Gone Greek: Lysistrata

Helen-Menelaus-Louvre

Ancient Greek comedies are not performed too often these days. It isn’t for lack of quality; the survivors are packed with absurdist plots, madcap banter and more dick jokes than a whole season of Family Guy. But if good tragedy is universal, good comedy is specific. The political satire and pop culture references that were trending with the Athenians 2,500 years ago just won’t do the trick for modern audiences.

That is, with one exception: Lysistrata by Aristophanes. This fantastical tale of an anti-war sex strike led by women has yet to go out of fashion. Whilst The Clouds is argued over by philosophers and The Frogs riles up literary critics, Lysistrata is inevitably being re-staged this year at a theatre near you. There’s even a movie coming out next week; Spike Lee’s Chiraq, which shifts the story to south-side Chicago. Until the wars end and/or girls run the world, Aristophanes’ clash of sex and politics isn’t going anywhere.

The eponymous heroine, an Athenian noblewoman scraping through the darkest days of the bloody Peloponnesian War, calls the women of Greece to a secret meeting. Lysistrata persuades them — from all cities, all sides of the conflict — to go on a sex strike until their husbands and lovers negotiate a peaceful end to the war. She and her supporters seize the Acropolis (including the state treasury), and barricade themselves inside, depriving men of both sex and money. Duelling choruses of old men and old women spar at the barricades, but the women cannot be dislodged, and Lysistrata humiliates a city magistrate who tries to brow-beat her into ending the strike. Fighting back dissent from sex-starved wives eager to sneak back to their husbands, Lysistrata succeeds in bringing the men of Athens and Sparta — all sporting enormous erections — to the negotiations. The men quickly hammer out the agreement, and Lysistrata returns their wives for a finale of festive dancing (and, presumably after the curtains close, much sex).

For a flavour of the play in action, check out the live reading staged recently at the Almeida Theatre of Germaine Greer’s adaptation Lysistrata & the Sex Strike, starring the wonderful Tamsin Greig (of Black Books fame) as Lysistrata. Your imagination will have to supply the phalluses.

Aristophanes would be surprised to discover that his plea for peace (and delivery system for dick jokes) has taken new life as a feminist call to arms. In Aristophanes’ day, democratic Athens denied women the vote and wives were expected to remain silent and veiled in public. Women could not perform in the theatre — they may not have even been admitted in the audience. Lysistrata’s political power play, let alone the strike and occupation, would have been a clear absurdity to the original all-male audience. Citizens may have been tired of the twenty-year-long war, but would imagine their wives held the answer? Even Lysistrata’s competence is part of the joke; the war has progressed so badly, and so diminished its leaders, that the only ‘real man’ left in Greece with the balls to do something is… a woman.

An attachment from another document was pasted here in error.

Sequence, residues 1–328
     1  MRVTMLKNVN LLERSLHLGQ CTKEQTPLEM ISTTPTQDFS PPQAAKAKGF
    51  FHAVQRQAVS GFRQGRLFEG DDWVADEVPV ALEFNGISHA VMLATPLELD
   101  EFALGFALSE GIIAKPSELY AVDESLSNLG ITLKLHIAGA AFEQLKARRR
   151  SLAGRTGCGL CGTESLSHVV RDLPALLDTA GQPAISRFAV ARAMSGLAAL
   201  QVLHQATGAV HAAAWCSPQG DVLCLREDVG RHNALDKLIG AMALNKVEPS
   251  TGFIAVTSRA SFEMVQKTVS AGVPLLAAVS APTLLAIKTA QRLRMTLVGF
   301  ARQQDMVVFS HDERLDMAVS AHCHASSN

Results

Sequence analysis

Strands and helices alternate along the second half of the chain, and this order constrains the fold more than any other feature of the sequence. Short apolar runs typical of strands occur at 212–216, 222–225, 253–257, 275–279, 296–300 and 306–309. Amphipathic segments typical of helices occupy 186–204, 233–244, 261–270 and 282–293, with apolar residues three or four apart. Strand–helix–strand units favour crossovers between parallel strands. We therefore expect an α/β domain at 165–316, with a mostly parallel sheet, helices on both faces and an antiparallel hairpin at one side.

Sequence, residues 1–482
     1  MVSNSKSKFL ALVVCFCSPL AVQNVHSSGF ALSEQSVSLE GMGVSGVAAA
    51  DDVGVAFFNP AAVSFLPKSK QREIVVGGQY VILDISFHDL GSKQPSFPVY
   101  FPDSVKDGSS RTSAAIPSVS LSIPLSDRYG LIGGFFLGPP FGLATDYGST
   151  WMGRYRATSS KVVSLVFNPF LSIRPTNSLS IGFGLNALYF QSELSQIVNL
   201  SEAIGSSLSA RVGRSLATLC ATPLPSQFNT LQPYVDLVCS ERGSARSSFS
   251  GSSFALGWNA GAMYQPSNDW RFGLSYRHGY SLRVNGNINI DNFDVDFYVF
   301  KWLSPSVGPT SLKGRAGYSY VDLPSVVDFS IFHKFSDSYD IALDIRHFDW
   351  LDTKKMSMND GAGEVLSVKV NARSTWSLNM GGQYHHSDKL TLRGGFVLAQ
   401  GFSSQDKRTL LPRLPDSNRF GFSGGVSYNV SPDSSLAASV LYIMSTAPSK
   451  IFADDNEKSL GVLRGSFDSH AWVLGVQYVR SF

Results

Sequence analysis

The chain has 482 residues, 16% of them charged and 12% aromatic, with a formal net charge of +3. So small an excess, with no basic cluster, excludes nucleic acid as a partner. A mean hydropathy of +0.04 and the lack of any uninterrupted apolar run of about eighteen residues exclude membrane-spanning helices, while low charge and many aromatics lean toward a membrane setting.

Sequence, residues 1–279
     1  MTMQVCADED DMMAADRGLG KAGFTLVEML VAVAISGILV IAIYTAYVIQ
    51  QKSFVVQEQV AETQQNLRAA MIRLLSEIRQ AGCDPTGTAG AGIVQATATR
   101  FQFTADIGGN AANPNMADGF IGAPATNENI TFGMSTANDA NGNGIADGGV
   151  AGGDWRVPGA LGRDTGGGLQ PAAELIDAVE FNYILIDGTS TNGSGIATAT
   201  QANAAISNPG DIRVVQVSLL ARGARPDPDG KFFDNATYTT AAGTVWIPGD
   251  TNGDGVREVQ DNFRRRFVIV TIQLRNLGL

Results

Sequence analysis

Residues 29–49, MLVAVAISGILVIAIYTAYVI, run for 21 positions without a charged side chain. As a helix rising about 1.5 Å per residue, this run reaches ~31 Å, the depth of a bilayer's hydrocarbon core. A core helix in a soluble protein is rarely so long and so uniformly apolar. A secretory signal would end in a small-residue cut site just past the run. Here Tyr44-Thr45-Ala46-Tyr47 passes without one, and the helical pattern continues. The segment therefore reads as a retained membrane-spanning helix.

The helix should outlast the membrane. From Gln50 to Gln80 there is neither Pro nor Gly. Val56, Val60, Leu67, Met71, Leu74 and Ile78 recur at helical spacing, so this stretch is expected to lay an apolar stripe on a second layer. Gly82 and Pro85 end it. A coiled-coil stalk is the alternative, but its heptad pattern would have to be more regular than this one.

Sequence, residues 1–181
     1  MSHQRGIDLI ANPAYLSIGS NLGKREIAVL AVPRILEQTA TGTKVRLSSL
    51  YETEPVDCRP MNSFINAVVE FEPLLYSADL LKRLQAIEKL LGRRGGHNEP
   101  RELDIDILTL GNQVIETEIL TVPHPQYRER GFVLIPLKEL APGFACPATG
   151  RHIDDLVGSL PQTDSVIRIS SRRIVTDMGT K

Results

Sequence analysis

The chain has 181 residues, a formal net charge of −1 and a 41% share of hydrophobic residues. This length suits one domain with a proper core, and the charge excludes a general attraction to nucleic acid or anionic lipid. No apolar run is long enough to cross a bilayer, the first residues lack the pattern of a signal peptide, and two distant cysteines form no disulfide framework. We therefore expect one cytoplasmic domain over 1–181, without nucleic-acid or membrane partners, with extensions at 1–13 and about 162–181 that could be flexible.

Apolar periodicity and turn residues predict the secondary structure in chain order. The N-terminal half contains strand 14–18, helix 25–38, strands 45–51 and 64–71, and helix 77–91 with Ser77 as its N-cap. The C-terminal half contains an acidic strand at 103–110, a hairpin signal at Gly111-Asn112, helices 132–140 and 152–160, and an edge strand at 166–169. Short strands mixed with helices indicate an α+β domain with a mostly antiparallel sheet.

Modern audiences don’t have such a hard time taking Lysistrata seriously. Even on the page, she is a remarkable character: bold, decisive and clever, constantly disappointed by her peers but unwavering in her vision. She may be the lead in a comedy, but the joke is not on her. She redirects the little power that women could wield in Ancient Athens towards a simple solution that the men, for all their high talk and experience, will not accept without a push: peace.

A ludicrous plan in ancient Athens can be a reality in the 21st Century. Sex strikes have been staged in recent years in Italy, Belgium, Togo, Liberia and Poland to end civil war, push reforms and fix roads. A few are held up as success stories: a strike by women’s organisations in Kenya in 2009  to challenge government infighting saw the impasse end within the week; the partners of gang members in Pereira, Colombia in 2006 held a “strike of crossed legs”, which corresponded with a significant downturn in the city’s murder rate.

Sex strikes are a sure publicity winner. Layman Gbowee, who led the ‘Women of Liberia Mass Action for Peace’ movement in Liberia, felt their strike “had little or no practice effect, but it was extremely valuable in getting us media attention.” Likewise, when we talk about Lysistrata, it is easy to focus on the sex and ignore the women’s more radical act: the capture of the Acropolis. Denying men sex continues to define women’s bodies by how others use them; the overthrow of the Acropolis, however, sees women entering a male sphere and dominating it. It sets off a great wave of anxiety in the chorus of old men who fail to break the barricade: